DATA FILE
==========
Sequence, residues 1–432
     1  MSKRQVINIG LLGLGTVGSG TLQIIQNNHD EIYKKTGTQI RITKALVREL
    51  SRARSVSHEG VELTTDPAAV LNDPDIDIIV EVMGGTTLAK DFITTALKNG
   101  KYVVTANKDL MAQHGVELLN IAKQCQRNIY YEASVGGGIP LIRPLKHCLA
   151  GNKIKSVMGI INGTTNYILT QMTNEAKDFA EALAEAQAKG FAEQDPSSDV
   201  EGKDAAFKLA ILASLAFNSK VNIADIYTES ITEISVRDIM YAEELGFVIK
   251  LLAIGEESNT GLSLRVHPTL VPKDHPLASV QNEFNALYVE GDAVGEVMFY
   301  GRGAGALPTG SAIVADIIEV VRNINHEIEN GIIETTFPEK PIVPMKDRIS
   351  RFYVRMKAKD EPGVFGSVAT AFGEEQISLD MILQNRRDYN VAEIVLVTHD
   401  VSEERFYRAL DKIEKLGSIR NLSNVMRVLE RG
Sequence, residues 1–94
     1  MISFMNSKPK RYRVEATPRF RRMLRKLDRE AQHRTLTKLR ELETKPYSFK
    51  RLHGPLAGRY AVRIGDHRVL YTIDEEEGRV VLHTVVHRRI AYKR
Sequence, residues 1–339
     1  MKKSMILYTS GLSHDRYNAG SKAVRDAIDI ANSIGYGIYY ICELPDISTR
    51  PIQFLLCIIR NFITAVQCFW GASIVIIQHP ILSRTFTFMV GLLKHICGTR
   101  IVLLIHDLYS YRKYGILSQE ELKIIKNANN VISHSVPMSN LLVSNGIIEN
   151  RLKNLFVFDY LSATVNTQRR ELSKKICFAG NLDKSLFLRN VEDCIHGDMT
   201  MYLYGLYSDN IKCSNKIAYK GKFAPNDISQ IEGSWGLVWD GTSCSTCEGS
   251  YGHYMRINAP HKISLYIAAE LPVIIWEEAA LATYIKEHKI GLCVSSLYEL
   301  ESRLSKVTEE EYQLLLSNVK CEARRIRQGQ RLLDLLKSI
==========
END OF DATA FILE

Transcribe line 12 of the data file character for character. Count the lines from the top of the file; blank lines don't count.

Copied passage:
     1  MISFMNSKPK RYRVEATPRF RRMLRKLDRE AQHRTLTKLR ELETKPYSFK